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Aerosol inhalation lessons and applications based on the ICRP 66 lung deposition model.
49th Annual Meeting of the Health Physics Society, July 11-15, 2004, Washington D.C. McLean, VA: Health Physics Society, 2004 Jul; :52
This PEP course illustrates practical aerosol science lessons and applications of the International Commission on Radiological Protection Publication 66 Human Respiratory Tract Model (HRTM) (ICRP 1994). Models including the LUDEP Personal Computer Program for Calculating Internal Doses using the ICRP Publication 66 Respiratory Tract Model will be used to illustrate the importance of knowing aerosol properties such as particle size and human subject properties such as breathing rate. Approaches for obtaining needed aerosols properties will be illustrated. Industrial hygiene examples will include respiratory tract deposition of beryllium and anthrax. The new HTRM is a general update of the Lung Model in ICRP Publication 30 (ICRP 1979) for adult workers, and is significantly broader in scope. It applies explicitly to workers and all members of the public, for (1) inhalation of particles, gases and vapors; (2) evaluation of dose (or material retention) in sensitive regions of the respiratory tract, for a given intake or exposure, and; (3) interpretation of bioassay data. The HTRM provides a physiologically realistic framework for modeling respiratory tract retention and excretion characteristics, and the resulting respiratory tract and systemic organ doses. It enables knowledge of the aerosol characteristics, dissolution and absorption behavior of specific materials to be used in a realistic manner, and calculates meaningful doses in relation to the morphological, physiological, and radiobiological characteristics of the various tissues of the respiratory tract.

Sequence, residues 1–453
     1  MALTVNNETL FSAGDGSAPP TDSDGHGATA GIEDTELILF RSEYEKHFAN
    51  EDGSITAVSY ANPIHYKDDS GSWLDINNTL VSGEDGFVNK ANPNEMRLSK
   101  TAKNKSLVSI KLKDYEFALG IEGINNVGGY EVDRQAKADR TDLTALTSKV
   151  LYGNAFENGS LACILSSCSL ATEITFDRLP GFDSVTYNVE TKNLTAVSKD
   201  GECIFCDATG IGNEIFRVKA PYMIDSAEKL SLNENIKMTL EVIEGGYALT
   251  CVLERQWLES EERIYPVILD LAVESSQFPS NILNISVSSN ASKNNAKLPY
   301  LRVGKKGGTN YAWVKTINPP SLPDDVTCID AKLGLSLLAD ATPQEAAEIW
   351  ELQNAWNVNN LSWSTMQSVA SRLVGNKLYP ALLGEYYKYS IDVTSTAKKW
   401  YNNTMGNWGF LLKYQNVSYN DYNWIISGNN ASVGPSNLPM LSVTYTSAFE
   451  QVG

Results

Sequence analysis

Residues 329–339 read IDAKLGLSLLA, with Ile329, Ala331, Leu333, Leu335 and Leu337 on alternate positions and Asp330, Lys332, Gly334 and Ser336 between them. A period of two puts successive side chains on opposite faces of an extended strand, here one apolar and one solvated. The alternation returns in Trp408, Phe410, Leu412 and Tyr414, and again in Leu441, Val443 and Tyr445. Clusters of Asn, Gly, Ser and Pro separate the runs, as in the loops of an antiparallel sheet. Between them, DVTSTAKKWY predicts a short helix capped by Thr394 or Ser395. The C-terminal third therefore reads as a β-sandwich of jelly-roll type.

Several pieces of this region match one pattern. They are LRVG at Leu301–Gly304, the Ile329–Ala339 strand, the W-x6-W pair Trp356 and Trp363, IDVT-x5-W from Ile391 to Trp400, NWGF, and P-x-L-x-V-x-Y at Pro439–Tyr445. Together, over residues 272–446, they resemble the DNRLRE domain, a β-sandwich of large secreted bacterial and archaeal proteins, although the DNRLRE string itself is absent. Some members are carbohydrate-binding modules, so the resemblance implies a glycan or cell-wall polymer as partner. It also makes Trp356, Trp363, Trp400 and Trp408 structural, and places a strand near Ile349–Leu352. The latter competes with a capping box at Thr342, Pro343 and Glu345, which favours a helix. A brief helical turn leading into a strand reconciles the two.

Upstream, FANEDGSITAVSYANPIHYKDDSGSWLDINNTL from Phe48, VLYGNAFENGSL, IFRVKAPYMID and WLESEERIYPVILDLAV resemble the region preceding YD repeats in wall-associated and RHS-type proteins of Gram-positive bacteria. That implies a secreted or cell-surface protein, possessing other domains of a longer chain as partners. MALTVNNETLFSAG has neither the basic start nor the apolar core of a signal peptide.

Aerosols; Aerosol-particles; Inhalants; Inhalation-studies; Models; Lung; Breathing; Industrial-hygiene; Respiratory-rate; Respiratory-system-disorders; Workers; Worker-health; Occupational-health; Occupational-exposure; Exposure-assessment
Abstract; Conference/Symposia Proceedings
49th Annual Meeting of the Health Physics Society, July 11-15, 2004, Washington D.C.
Page last reviewed: May 5, 2020
Content source: National Institute for Occupational Safety and Health Education and Information Division